Drug Addiction Recovery Statistics
If you search for recent statistics regarding drug addiction recovery in the United States, you may end your search feeling confused, and perhaps demoralized. There aren’t many numbers out there, and the ones you do see look discouraging. It’s important to note, however, that drug addiction is incredibly hard to define, and the statistics reported may be misleading. Confidentiality laws, coupled with the fluid nature of recovery, make nailing down accurate data a challenge. What we candecisively derive from data, however, is that comprehensive treatment overwhelmingly increases an addict’s chances of long-lasting recovery.
Reasons for Confidentiality
Because drug abuse and addiction are still stigmatized in our society, individuals are unlikely to readily admit to their condition. The list of people who enter drug treatment facilities is held in the strictest confidence, so it’s difficult, even for research agencies, to get a hold of accurate numbers. This secrecy is expected, not only because of American confidentiality laws, but due to a number of other practical reasons. Addicts in recovery might not want to let their current or future employers know of their addiction, or they might want to keep it from their family or other relationships. They may want to remain confidential to protect their children, or their name. These are all understandable reasons to not disclose a drug addiction, but they do make it difficult to reliably track the epidemiology of substance abuse in the U.S.
The Difficulty in Nailing Down Statistics
Even top drug treatment and recovery centers are not required to provide identifying information to research agencies. The information these agencies do receive is limited to just the number of admissions and the drugs of choice reported on the admittance forms. So while we can see a breakdown between types of drugs, we might not be able to discern an accurate number of abusers.
For example, a person may enroll in an outpatient program before deciding that inpatient treatment would be a better option. The data would count that person twice–once for enrolling in outpatient treatment, another for enrolling in inpatient. You might think “couldn’t this problem be eliminated by recording the patient’s name?” That’s probably true, but many users are likely to forgo treatment if they knew they would have to disclose personal information to do so. It’s infinitely better for people to feel they can go to treatment safely, than to sacrifice that confidentiality for the sake of statistics.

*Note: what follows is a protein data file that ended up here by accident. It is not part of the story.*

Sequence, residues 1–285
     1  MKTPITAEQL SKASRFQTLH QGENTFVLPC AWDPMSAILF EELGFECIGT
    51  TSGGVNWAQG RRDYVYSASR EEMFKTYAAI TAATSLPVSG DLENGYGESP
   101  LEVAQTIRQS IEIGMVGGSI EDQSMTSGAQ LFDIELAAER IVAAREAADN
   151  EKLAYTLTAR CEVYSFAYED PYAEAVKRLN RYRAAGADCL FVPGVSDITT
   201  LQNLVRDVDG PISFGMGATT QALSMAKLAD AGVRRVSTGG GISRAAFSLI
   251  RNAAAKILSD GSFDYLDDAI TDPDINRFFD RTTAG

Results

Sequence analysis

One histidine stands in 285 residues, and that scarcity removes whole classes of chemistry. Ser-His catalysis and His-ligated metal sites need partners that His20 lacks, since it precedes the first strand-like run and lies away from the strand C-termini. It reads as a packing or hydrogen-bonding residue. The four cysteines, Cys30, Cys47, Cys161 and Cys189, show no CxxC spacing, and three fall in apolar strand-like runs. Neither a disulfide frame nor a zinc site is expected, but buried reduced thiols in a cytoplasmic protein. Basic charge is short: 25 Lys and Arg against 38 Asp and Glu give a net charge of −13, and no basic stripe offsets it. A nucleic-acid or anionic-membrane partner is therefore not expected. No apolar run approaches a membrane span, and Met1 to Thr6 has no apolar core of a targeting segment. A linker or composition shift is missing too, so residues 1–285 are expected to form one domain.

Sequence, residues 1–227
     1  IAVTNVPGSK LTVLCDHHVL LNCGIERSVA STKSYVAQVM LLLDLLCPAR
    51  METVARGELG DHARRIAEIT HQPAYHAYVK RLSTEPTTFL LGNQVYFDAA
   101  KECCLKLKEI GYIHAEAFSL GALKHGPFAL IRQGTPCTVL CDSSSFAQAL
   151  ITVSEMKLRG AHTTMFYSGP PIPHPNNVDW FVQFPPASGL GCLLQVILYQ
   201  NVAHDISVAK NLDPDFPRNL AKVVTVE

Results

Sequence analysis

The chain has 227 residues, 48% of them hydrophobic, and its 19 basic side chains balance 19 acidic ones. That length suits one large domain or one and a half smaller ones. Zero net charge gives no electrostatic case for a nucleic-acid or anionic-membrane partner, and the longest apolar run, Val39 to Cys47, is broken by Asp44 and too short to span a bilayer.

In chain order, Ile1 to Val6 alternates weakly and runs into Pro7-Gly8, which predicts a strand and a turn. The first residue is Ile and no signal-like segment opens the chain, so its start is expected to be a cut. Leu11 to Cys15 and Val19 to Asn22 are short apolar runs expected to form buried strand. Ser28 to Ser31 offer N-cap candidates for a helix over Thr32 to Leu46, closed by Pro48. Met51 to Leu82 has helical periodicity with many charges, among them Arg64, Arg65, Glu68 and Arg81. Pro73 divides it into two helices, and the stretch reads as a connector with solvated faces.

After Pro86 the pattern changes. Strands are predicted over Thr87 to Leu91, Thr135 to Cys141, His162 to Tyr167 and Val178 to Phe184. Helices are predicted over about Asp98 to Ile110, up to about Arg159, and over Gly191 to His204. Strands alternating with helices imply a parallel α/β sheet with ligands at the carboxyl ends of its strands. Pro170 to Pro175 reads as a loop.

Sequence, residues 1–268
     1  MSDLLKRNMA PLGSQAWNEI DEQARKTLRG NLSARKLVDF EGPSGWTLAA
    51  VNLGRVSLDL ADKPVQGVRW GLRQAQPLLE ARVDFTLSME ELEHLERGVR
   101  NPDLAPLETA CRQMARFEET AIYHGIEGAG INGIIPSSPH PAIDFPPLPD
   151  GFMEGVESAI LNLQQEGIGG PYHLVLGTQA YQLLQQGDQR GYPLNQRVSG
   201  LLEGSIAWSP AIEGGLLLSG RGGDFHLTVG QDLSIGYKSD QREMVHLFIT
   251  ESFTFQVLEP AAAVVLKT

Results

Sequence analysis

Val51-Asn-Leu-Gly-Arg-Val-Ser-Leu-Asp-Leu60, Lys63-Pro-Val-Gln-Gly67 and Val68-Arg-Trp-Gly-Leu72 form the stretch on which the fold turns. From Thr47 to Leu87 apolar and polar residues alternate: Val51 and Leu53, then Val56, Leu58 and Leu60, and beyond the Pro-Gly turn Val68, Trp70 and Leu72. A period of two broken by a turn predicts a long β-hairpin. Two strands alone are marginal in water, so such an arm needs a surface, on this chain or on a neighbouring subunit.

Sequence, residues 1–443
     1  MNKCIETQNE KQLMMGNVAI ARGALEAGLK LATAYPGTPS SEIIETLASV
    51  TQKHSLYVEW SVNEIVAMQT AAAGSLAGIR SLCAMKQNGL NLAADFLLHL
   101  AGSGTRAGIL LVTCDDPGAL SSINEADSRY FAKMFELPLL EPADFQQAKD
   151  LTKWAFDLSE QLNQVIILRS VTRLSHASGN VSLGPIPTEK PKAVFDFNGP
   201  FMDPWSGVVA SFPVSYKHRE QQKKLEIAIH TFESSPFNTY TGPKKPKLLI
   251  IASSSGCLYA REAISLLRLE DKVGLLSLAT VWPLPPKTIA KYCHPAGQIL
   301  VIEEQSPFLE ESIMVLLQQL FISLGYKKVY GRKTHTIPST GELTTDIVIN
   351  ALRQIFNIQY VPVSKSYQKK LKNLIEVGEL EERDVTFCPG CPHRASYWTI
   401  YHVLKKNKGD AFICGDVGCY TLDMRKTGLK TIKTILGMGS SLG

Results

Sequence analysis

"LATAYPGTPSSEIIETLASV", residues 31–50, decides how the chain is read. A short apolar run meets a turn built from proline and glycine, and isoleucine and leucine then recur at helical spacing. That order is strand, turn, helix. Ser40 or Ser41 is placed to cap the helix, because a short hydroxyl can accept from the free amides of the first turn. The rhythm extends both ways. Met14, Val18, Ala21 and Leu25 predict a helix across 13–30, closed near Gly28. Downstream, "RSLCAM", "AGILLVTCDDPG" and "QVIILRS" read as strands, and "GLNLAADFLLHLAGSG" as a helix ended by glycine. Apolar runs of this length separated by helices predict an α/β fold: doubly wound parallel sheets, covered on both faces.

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Defining Successful Treatment
Not only is it difficult to determine the exact number of people entering and leaving treatment, but the definition of recovery is also fluid. Technically speaking, the only way to monitor whether or not an individual has been successful in their treatment program is by taking a blood or urine sample to test for the presence of drugs. Easy, right?
Unfortunately, it’s not that simple. Sure, a urine test can tell us whether or not a recovering addict has taken drugs in the past 30 days, but what does that actually prove? That they did an 180 and will never use again? That they have used recently, so their treatment program failed? There are no conclusive answers to these questions. In fact, according to the National Institute on Drug Abuse, relapse is a defining characteristic of addiction. It is often part of the recovery journey, and slipping up and using drugs one or two times again does not automatically make someone a failure. The benchmarks for recovery vary by case, and treatment can be successful even if relapse occurs. If treatment has started someone on the path to sobriety, to turning their life around, it should be counted as successful (though a urine test wouldn’t back that up), even if they still have a few steps to go.
Effective Recovery Programs
While all addicts respond differently to treatment, research reveals certain methods of treatment are generally more effective than others. The following criteria for a program have been shown to increase the chances of personal success:
- The recovery program is holistic, and addresses the multiple needs of each individual, paying attention to mental health issues, lifestyle, and culture.
- The program’s length of time is adequate for the person’s needs, usually lasting at least three months.
- The treatment isn’t rigid, but adapts to the individual’s changing needs and priorities
- The program continues after detoxification with ongoing treatment
Rather than focusing on the lack of recovery statistics or information available concerning someone else’s idea of recovery, concentrate on you or your loved one’s own likelihood for personal success. To do this, be sure to find the best treatment programs to work with your needs, towards your own vision of success.
Give us a call to learn more about how we can help you find the most effective treatment program for recovery, and start you or your loved one down the path to meaningful change.